Cory Chisel is one of those rare, contemporary folk artists whose authenticity is indubitable. No matter how you define authentic, you'd be hard pressed to put a finger on anything not-so when listening. From the emotion to the influences to the background, Chisel doesn't let one iota of insincerity into his work. For this reason (and because of his undeniable talent) XPN is choosing him as the Artist to Watch for October 2009.
Breakups are never easy. But often times the emotions found in the aftermath can lead to a new level of artistic expression. Few understand this better than the Philadelphia quintet East Hundred. Through the ashes of the breakup between two band members came the group's remarkable debut album, Passenger.
They're a big outfit as most indie bands go, but the 13-piece Edward Sharpe and the Magnetic Zeros have created quite a buzz in L.A. and in the indie world. Making excellent '60s-style folk rock that could just be called revivalist, with their convert school/tour bus, their back porch acoustics, and their almost communal air, this is one band not to miss.
Listening to Boston's Passion Pit is a lot like going out dancing. It's easy to get caught up in the music and lose yourself. But the group has more to offer than simply catchy hooks. Their brand of shiny electro-pop combines bright, danceable aesthetics with emotionally-charged lyrics that makes Passion Pit an irresistible treat.
Upon first listen, the Brooklyn experimental pop/folk band Grizzly Bear grabs and doesn't let go. Here is real, accessible emotion and more than enough astounding talent to convey it. The group's spare acoustic melodies over plaintive piano figures and dusty strings with pop elements carry immense power.
If there's any chance of James Brown's reincarnation, Black Joe Lewis would be a prime candidate. This twenty-something soul singer hails from Texas with his new band The Honeybears - comprised of blues-rockers with names like Sleepy, Sugarfoot, Rooster, Big Show, Wild Bill, and Slyder McKnight the Night Train. With a tight horn section, blazing guitar licks, and Lewis' raw vocals, the group and its frontman are quickly taking over the Austin garage rock scene and moving onto the rest of the country.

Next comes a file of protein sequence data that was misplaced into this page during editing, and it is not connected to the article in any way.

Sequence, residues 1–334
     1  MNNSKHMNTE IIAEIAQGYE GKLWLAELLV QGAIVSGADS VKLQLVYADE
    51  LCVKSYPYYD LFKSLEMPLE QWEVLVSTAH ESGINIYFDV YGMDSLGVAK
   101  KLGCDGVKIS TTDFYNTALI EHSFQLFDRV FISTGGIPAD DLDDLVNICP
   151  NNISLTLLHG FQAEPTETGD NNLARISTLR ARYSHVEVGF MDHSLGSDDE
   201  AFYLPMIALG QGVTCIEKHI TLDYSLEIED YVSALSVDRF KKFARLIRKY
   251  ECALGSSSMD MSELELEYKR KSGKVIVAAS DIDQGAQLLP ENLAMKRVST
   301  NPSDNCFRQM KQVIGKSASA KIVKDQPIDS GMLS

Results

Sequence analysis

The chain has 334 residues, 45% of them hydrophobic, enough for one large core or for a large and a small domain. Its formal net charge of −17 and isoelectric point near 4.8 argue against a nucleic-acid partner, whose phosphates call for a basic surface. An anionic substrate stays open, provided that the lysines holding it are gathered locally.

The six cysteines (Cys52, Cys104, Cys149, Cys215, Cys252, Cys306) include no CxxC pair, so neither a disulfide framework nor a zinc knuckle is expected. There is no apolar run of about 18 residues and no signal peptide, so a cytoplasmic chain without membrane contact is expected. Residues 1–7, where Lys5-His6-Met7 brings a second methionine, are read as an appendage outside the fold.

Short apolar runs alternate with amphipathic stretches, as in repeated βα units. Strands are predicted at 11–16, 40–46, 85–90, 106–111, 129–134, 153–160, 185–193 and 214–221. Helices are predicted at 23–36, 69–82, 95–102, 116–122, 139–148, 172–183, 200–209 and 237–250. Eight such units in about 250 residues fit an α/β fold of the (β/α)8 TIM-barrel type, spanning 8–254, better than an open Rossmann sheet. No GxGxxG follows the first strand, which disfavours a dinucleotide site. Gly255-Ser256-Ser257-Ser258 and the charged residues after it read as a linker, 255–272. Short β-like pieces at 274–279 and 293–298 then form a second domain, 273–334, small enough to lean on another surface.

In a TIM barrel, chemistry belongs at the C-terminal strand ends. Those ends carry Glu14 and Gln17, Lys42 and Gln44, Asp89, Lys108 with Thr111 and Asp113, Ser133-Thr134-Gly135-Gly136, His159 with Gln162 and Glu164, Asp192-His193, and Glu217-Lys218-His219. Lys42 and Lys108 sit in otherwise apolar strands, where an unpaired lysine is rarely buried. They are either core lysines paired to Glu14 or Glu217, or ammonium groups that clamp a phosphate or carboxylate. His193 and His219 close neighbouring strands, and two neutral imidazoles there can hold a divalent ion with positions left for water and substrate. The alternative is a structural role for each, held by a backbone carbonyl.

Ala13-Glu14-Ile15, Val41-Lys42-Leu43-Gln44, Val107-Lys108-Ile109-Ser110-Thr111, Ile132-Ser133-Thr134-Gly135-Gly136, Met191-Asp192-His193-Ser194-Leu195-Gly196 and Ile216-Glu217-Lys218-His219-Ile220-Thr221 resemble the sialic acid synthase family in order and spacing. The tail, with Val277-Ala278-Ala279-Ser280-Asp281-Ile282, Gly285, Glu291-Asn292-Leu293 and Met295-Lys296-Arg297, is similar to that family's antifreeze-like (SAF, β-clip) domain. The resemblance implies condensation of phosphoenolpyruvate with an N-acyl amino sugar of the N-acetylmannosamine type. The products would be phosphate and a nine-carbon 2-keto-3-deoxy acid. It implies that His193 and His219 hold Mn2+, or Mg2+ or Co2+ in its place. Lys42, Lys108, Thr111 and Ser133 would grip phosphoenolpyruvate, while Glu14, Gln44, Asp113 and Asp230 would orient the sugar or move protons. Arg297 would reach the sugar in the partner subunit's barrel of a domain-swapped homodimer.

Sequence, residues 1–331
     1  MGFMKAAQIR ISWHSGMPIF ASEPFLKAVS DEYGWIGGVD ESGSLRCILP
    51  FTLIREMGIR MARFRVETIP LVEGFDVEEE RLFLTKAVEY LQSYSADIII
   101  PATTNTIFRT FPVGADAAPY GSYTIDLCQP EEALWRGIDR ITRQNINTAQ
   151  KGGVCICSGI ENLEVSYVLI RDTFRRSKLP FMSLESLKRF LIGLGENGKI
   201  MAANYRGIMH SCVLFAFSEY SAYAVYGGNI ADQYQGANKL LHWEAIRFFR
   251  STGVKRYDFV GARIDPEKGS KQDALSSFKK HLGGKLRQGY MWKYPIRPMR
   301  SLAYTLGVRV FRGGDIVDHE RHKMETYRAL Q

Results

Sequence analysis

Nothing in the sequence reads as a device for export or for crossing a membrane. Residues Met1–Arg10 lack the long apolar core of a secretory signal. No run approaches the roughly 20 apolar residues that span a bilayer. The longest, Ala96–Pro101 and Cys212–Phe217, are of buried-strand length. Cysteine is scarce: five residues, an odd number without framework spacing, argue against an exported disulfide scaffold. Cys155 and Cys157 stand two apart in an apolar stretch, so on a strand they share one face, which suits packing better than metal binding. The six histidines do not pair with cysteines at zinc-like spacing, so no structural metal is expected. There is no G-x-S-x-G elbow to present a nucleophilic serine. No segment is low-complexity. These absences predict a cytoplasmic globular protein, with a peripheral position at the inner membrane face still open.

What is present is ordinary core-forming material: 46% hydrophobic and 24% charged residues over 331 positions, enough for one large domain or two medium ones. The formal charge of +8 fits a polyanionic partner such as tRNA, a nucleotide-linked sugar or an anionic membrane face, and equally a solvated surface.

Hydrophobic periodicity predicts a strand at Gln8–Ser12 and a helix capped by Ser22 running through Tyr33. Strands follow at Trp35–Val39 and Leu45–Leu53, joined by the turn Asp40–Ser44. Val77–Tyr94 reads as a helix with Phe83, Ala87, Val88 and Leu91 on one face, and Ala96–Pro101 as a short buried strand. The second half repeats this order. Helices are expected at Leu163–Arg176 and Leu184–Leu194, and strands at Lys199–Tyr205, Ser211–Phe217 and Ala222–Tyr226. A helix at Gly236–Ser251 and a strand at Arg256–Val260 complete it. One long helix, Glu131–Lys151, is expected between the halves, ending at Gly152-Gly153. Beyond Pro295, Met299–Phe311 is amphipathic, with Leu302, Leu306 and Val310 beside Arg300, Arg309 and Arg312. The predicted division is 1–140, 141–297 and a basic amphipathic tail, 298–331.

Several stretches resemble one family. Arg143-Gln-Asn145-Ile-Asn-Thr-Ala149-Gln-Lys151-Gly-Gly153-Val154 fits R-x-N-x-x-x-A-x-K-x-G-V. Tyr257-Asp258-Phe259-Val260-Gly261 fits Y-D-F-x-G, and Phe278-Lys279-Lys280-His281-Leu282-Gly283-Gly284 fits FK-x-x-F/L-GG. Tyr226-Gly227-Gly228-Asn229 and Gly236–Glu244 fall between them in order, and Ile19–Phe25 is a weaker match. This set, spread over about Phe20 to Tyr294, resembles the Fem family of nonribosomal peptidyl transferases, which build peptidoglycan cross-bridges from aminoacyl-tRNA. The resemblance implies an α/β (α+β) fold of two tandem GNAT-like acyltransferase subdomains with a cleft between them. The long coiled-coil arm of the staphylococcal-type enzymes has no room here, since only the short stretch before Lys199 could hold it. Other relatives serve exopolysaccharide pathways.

The Irish pop rock band Bell X1, originally known as Juniper, have experienced a multitude of changes on the path to the successful spot they currently hold. Though they were lead by popular vocalist Damien Rice, Rice ended up leaving Jupiter and was replaced by drummer Paul Noonan. Soon after the group changed their name and became Bell X1. Of their three studio-recorded albums, Flock, released February of 2008, has proven to be the most successful. The album reached #1 in Ireland and gained a huge following throughout the U.K.
Emerging from the collaborative efforts of Baltimore school friends David "Avey Tare" Portner, Noah "Panda Bear" Lennox, Josh "Deakin" Dibb and Brian "Geologist" Weitz, Animal Collective is rooted in experimental music. Pinpointing the Collective's style in terms of genre is a difficult task; with a track record of nine studio albums, they've spread themselves across a eclectic board of psych, folk, rock, noise, and more.
Working as waitress at the start of 2008, soul-pop singer Sharon Little was suddenly the opening act for big-name stars Robert Plant, Alison Krauss, and T-Bone Burnett in their national Raising Sand tour. Though she could be called an overnight sensation, Little has been honing her distinctive, bluesy style for years.
Intricate, melodic, and vivid: the sound of North Carolina's Annuals is the epitome of sunny indie-pop. Their thoughtful harmonies, anthemic orchestration and percussion, and bright electronica has earned them rave reviews since their indie-label debut in 2006, the critic's darling Be He Me.